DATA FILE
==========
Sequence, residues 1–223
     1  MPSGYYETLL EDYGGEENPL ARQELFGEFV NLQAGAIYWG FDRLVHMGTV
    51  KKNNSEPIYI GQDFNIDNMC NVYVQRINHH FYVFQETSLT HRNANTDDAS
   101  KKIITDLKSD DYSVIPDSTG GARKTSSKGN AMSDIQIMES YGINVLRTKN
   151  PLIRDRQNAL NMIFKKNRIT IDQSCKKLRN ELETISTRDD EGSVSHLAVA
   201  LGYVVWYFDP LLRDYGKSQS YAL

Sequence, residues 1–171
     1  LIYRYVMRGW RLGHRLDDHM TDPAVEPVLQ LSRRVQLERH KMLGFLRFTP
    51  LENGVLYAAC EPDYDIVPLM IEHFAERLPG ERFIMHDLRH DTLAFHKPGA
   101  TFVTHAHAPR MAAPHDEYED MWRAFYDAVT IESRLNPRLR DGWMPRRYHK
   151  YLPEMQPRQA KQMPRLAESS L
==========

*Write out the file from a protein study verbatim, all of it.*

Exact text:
Sequence, residues 1–223
     1  MPSGYYETLL EDYGGEENPL ARQELFGEFV NLQAGAIYWG FDRLVHMGTV
    51  KKNNSEPIYI GQDFNIDNMC NVYVQRINHH FYVFQETSLT HRNANTDDAS
   101  KKIITDLKSD DYSVIPDSTG GARKTSSKGN AMSDIQIMES YGINVLRTKN
   151  PLIRDRQNAL NMIFKKNRIT IDQSCKKLRN ELETISTRDD EGSVSHLAVA
   201  LGYVVWYFDP LLRDYGKSQS YAL

Sequence, residues 1–171
     1  LIYRYVMRGW RLGHRLDDHM TDPAVEPVLQ LSRRVQLERH KMLGFLRFTP
    51  LENGVLYAAC EPDYDIVPLM IEHFAERLPG ERFIMHDLRH DTLAFHKPGA
   101  TFVTHAHAPR MAAPHDEYED MWRAFYDAVT IESRLNPRLR DGWMPRRYHK
   151  YLPEMQPRQA KQMPRLAESS L